An op-ed in the Washington
Times muses about whether "abortion is more common in minority
communities because, similar to alcohol and tobacco, it is more aggressively
marketed there." A Wall Street Journal column promotes allegations
of racism on the part of "the abortion industry." Similar
accusations pervade the pro-life blogosphere. There’s even a Web site
called Black Genocide devoted entirely to the subject.
Sadly, this hyperbole–and
all the energy supposedly directed toward helping African American women–both
misses the point and distracts from the real issue: the persistent health
by women, and men, in the African American community.
As an African American woman,
a physician, and a reproductive health specialist, I see on a daily
basis the real-life consequences of unequal access to good health care.
That’s why I strongly believe
that those professing concern for the well-being of African American
women have an obligation to put the issue of abortion in its proper
context, and to support evidence-based policies that would have a positive
Sex. Abortion. Parenthood. Power.
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Behind virtually every abortion
is an unintended pregnancy. African American women have higher abortion
rates than their white peers because they have much higher rates of
unintended pregnancy–three times higher than those of white women.
In other words, there is no need to resort to far-flung conspiracy theories
to explain the higher abortion rate among black women.
But there’s more to the story.
Across the board, African Americans often have worse sexual and reproductive health
outcomes than people from other racial groups. For example, we experience
much higher rates of sexually transmitted infections. These disparate
rates reflect broader health disparities that can be seen in high rates
of diabetes, obesity, heart disease or cancer.
The root causes are manifold:
a long history of discrimination; lack of access to high-quality, affordable
health care; too few educational and professional opportunities; unequal
access to safe, clean neighborhoods; and, for some African Americans,
a lingering mistrust of the medical community.
There are no easy solutions
to these complex challenges. Innovative strategies to reduce entrenched
poverty, improve education, and broadly reform health care all will
have to be part of the longer-term approach. Yet, there are a number
of specific steps policymakers can take right now that could dramatically
improve the sexual and reproductive health of African Americans–and
Americans in general.
Let’s start with the need for
better sexual health literacy. A 2006 study by the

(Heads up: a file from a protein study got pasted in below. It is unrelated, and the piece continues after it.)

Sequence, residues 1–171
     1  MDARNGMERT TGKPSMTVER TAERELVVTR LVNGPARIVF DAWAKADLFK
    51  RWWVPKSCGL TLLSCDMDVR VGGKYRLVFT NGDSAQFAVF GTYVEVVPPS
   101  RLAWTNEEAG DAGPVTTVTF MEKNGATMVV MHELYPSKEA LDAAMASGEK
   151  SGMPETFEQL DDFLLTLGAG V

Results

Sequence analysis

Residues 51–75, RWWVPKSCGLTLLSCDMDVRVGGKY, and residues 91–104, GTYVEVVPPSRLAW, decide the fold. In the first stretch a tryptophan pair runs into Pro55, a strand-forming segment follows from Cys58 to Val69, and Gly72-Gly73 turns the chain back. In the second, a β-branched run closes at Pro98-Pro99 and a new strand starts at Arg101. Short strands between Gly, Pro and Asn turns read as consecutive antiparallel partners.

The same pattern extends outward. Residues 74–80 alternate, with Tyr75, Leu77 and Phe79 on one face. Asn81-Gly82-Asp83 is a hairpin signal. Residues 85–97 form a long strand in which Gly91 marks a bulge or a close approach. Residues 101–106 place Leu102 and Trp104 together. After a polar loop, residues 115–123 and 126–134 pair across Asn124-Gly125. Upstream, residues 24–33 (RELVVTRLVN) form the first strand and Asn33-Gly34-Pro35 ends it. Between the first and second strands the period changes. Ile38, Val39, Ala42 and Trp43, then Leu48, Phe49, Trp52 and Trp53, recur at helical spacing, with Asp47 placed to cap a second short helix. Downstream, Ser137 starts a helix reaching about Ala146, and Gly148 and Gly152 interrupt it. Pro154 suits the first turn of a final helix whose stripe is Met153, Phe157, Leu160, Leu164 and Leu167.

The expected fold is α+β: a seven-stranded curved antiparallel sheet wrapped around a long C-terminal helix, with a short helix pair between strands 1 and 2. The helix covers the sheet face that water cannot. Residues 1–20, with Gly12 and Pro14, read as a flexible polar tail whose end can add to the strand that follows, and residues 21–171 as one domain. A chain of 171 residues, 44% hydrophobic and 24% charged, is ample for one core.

shows that only one in three sexually experienced African American males
and fewer than half of African American females had received formal
instruction about birth control before they first had sex. (White teens
were only slightly better off.) That needs to change, and fast.
Policymakers should heed the strong body of evidence showing that abstinence-only-until-marriage
programs are a waste of money. They should instead support comprehensive sex-education
of which have shown success in delaying teens’ initiation of sex, reducing
their number of sexual partners, and increasing their use of condoms
and other contraceptives.
We also need to redouble our
efforts to empower African American women to better plan their pregnancies:
to avoid pregnancies they don’t want and to achieve pregnancies they
do want when they want them. This goal is not only worthy in and of
itself, but its attainment will also lower the high rate of abortion
among African American women.
Proven policies include boosting funding
for the federal Title X
family-planning program under which women and men across the country
can get subsidized contraceptive counseling and supplies as well as
STI (sexually transmitted infection) testing and treatment. Expanding Medicaid eligibility
for family-planning services
nationwide (a step 26 states-including Delaware and Pennsylvania,
but not New Jersey-have already taken) would likewise allow more people,
including many African Americans, to participate in these prevention-focused
Finally, Guttmacher Institute
research shows that the abortion decisions of many women (of all races)
are influenced primarily by their desire to be good
parents. Too many
women today are stretched so thin that they feel unable to take care
of their existing children, not to mention an additional child. Clearly,
policies that support working parents, especially at the lower end of
the income spectrum, are needed. Let’s make good on our pro-family rhetoric
by supporting paid sick leave for more parents, as well as subsidized
child care and affordable health insurance.
My challenge to antiabortion
activists is to stop throwing around inflammatory terms like genocide
and instead channel their considerable energies and resources into supporting
policies that reduce the need for abortion. Let’s get serious about
helping women and their families, including women in the African American
was originally published
in the Philadelphia Inquirer.